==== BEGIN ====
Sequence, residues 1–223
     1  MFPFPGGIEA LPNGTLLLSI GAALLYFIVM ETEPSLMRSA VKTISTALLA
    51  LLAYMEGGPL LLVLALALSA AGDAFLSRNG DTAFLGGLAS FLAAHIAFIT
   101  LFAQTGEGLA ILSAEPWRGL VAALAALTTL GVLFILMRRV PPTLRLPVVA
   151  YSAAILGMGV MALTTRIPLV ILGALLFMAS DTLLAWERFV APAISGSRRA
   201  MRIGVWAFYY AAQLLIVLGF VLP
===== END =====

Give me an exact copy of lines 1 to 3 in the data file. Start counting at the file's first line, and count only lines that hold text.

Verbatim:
Sequence, residues 1–223
     1  MFPFPGGIEA LPNGTLLLSI GAALLYFIVM ETEPSLMRSA VKTISTALLA
    51  LLAYMEGGPL LLVLALALSA AGDAFLSRNG DTAFLGGLAS FLAAHIAFIT